We have tried to better the world, and ourselves, for millennia, and though we have seemingly succeeded in some things, in others we are worse off than ever. Every short-term improvement inevitably throws up its opposite which trips us up.
Is there a way out? Yes, the hardest, for it starts at our end, where it hurts. The way is for each of us to dismantle our own obstacles. We all want to be reasonably considerate, reasonably tolerant, reasonably warm-hearted; why can we not be so, or not always so, though we ourselves want to be? What prevents us against our will? Truly, we are our own obstacles. And since the world is populated by us, we make and shape our own weal and woe. Could a fair number of us dislodge no more than our own obstacles, we need not trouble ourselves about the world, for it would of itself be a better place to live in. Could it be that T finds it more congenial to try to change the world than to set to work on its own obstacles and so change itself? Yet, our world would thus be a better one.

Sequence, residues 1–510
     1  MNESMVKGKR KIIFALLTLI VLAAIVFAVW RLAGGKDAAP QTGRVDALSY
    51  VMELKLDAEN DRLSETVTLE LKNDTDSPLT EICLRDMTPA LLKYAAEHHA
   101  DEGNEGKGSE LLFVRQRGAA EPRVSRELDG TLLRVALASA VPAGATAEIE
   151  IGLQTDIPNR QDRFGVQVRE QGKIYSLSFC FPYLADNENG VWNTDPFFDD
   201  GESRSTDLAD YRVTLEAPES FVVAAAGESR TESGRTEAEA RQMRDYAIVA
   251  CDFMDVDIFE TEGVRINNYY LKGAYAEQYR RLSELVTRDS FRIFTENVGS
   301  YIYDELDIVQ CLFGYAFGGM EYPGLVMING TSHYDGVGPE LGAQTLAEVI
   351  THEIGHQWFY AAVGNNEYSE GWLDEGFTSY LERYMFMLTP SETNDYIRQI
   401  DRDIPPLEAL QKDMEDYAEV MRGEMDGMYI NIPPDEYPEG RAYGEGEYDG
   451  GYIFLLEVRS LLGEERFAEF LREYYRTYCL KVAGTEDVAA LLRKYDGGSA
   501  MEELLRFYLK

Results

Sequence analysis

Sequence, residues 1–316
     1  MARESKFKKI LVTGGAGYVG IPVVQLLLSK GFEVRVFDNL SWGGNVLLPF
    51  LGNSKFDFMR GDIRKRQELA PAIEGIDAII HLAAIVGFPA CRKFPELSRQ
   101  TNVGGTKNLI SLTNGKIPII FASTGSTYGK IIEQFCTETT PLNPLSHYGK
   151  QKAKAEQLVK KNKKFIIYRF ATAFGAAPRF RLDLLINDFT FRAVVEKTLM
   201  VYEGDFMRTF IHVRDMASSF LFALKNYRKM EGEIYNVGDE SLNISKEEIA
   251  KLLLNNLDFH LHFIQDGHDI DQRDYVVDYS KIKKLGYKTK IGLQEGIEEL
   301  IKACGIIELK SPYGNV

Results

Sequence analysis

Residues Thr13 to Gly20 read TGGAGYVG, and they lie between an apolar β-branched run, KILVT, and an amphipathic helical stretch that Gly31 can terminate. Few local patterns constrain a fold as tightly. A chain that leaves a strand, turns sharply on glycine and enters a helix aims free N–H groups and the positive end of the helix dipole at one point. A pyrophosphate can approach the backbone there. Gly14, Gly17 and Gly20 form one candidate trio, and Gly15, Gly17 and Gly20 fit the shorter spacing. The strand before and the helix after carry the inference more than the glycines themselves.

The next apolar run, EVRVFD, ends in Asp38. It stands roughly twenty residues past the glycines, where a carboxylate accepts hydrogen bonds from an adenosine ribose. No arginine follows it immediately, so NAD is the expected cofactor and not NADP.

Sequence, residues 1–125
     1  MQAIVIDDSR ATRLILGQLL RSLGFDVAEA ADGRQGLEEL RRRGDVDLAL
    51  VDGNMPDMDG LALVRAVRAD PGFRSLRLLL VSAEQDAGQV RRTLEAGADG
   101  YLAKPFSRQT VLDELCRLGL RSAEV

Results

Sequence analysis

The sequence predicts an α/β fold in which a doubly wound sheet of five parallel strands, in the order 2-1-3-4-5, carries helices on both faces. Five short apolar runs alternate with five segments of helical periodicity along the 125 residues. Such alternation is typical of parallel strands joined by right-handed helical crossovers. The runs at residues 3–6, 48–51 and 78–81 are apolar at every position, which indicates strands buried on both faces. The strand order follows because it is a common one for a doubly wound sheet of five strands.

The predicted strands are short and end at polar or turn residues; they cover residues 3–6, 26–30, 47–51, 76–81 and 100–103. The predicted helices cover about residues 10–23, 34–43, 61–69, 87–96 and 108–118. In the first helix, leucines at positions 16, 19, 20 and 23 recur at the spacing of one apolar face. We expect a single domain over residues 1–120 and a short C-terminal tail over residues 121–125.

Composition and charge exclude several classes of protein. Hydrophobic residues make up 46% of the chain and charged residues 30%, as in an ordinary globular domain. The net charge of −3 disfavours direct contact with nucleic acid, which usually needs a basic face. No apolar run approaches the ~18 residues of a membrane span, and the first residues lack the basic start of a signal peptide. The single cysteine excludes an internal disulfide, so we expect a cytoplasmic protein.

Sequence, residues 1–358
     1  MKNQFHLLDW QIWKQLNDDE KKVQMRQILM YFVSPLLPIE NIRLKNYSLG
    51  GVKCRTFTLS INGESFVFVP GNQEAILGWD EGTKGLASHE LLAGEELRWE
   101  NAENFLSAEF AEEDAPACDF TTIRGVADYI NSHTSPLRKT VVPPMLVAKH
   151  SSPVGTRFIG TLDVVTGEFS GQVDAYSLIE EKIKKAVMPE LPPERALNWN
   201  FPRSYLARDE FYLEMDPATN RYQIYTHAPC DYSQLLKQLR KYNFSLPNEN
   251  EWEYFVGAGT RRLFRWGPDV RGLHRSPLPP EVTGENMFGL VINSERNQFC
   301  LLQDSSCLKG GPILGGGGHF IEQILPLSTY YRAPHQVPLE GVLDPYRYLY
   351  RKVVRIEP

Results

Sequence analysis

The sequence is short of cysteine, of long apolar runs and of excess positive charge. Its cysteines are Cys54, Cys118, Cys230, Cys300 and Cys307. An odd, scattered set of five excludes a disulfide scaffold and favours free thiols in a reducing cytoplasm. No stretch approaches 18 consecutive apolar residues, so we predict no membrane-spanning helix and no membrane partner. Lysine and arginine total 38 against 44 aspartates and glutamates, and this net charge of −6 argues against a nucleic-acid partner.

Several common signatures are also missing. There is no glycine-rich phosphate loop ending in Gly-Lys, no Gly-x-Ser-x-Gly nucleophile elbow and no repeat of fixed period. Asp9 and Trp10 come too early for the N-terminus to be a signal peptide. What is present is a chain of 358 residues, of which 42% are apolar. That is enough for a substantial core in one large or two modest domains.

This way the Zen Masters show by living the lives they did and do. They actively contribute to it by their own lives and by training their students to live such lives. They are conspicuous for the absence of any zeal to interfere or to better anything. All of them shun abstractions and speculations, however edifying and lofty, as ‘flowers in the empty sky’—at best useless, more often downright destructive. Their common motto through the ages is ‘look at the place where your own feet stand’. A Chinese proverb often quoted by the Zen Masters says: ‘Even a journey of a thousand miles starts from right under one’s feet.’